Secretary of State Rice lands in Iraq
BAGHDAD (Reuters) - Secretary of State Condoleezza Rice made an unannounced visit to Iraq on Sunday, a day after anti-American Shi'ite cleric Moqtada al-Sadr threatened to declare "open war" on the Iraqi government.
"I can confirm that Secretary Rice is in Iraq," a U.S. embassy spokesman said.
A rebellion by Sadr's Mehdi Army militia -- which has tens of thousands of fighters -- could abruptly end a period of lower violence at a time when U.S. forces are starting to leave Iraq.
Rice is in the Middle East to attend conferences in Gulf states, including a meeting in Kuwait on Tuesday that will involve Iraq and its neighbors.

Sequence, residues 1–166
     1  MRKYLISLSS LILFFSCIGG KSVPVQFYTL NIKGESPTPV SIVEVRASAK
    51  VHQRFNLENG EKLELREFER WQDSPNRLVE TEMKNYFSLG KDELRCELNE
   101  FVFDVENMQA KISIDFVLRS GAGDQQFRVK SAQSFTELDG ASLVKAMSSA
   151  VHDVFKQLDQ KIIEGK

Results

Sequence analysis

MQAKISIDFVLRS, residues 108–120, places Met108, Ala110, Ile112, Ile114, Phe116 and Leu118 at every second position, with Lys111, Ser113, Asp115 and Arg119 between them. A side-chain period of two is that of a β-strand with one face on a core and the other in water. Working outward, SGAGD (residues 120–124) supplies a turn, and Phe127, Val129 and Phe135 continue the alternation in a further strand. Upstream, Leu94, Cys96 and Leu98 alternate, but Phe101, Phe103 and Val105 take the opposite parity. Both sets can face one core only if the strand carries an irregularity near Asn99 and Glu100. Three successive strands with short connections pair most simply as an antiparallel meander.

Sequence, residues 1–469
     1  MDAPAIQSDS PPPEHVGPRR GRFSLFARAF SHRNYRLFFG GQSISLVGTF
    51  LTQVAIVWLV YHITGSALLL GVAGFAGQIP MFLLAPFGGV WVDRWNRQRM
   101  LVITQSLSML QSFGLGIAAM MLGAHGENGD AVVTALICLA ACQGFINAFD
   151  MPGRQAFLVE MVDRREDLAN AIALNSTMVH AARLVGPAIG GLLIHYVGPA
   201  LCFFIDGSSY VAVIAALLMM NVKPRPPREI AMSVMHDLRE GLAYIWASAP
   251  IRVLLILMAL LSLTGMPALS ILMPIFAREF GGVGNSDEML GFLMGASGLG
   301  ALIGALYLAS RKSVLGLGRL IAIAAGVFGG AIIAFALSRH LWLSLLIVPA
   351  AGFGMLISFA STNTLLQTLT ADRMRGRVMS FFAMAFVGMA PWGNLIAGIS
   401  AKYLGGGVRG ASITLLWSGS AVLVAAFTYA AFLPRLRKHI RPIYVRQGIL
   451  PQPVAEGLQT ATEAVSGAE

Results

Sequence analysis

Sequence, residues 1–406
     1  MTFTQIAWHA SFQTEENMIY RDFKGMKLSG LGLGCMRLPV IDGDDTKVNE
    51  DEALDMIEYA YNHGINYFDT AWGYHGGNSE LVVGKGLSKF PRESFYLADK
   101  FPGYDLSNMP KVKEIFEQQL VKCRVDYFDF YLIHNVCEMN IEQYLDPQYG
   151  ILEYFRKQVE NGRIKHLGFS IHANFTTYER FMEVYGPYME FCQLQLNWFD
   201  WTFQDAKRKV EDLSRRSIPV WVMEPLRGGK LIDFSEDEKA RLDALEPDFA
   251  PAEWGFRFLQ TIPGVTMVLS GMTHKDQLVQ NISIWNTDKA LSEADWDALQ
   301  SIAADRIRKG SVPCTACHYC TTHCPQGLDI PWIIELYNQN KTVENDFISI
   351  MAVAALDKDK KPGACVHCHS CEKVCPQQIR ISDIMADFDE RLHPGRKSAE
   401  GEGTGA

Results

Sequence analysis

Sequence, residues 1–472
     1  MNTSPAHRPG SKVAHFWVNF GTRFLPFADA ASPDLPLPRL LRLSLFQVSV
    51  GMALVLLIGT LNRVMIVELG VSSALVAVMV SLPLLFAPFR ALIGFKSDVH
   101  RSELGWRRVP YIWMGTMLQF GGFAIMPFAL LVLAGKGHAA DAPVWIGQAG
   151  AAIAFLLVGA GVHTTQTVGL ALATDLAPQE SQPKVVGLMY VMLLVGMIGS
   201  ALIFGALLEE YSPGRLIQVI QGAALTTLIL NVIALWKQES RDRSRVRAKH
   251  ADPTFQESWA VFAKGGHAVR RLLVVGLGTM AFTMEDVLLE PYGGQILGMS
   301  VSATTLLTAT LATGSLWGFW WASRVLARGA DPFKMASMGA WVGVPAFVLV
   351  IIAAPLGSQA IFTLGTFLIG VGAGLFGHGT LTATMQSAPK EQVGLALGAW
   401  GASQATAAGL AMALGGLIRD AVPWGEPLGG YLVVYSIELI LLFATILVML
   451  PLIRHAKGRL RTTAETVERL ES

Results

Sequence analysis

The threat of a full-scale uprising by Sadr sharply raises the stakes in the cleric's confrontation with Prime Minister Nuri al-Maliki, who has threatened to ban Sadr's movement from political life unless he disbands his militia.
The U.S. military says a truce Sadr imposed on his militia last August has played a key role in helping cut violence across Iraq. The militia, besides attacking on U.S. and Iraqi forces, had also been accused of stoking sectarian bloodshed.
The ceasefire has come under increasing strain since Maliki launched a crackdown on militias in the southern city of Basra late last month. The operation sparked major battles with the Mehdi Army in Basra, other southern cities and also Baghdad.
While fighting has eased in the south, clashes have raged in the cleric's stronghold of Sadr City in eastern Baghdad.
Earlier on Sunday Rice called on Arab nations to offer diplomatic ties and debt relief to Iraq's government to reward its efforts on improving security and political reconciliation. She is expected to press this request at the Kuwait meeting.
(Reporting by Peter Graff; Editing by Dean Yates)